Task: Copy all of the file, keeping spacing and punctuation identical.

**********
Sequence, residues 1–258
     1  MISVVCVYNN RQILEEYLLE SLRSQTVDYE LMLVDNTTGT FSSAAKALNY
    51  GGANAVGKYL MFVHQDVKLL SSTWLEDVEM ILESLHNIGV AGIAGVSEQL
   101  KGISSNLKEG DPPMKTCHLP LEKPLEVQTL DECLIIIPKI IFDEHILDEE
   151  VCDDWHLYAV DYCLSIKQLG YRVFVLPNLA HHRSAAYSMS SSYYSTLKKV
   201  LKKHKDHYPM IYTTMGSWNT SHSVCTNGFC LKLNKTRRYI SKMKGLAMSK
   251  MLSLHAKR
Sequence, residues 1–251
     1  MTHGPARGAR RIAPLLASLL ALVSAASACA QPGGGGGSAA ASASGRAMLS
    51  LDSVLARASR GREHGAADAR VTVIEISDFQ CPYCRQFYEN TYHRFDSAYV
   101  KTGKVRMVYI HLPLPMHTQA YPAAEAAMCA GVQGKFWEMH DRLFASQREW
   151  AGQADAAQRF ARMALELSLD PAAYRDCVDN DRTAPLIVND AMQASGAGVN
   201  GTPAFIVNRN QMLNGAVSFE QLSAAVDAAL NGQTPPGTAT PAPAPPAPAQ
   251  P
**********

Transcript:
Sequence, residues 1–258
     1  MISVVCVYNN RQILEEYLLE SLRSQTVDYE LMLVDNTTGT FSSAAKALNY
    51  GGANAVGKYL MFVHQDVKLL SSTWLEDVEM ILESLHNIGV AGIAGVSEQL
   101  KGISSNLKEG DPPMKTCHLP LEKPLEVQTL DECLIIIPKI IFDEHILDEE
   151  VCDDWHLYAV DYCLSIKQLG YRVFVLPNLA HHRSAAYSMS SSYYSTLKKV
   201  LKKHKDHYPM IYTTMGSWNT SHSVCTNGFC LKLNKTRRYI SKMKGLAMSK
   251  MLSLHAKR
Sequence, residues 1–251
     1  MTHGPARGAR RIAPLLASLL ALVSAASACA QPGGGGGSAA ASASGRAMLS
    51  LDSVLARASR GREHGAADAR VTVIEISDFQ CPYCRQFYEN TYHRFDSAYV
   101  KTGKVRMVYI HLPLPMHTQA YPAAEAAMCA GVQGKFWEMH DRLFASQREW
   151  AGQADAAQRF ARMALELSLD PAAYRDCVDN DRTAPLIVND AMQASGAGVN
   201  GTPAFIVNRN QMLNGAVSFE QLSAAVDAAL NGQTPPGTAT PAPAPPAPAQ
   251  P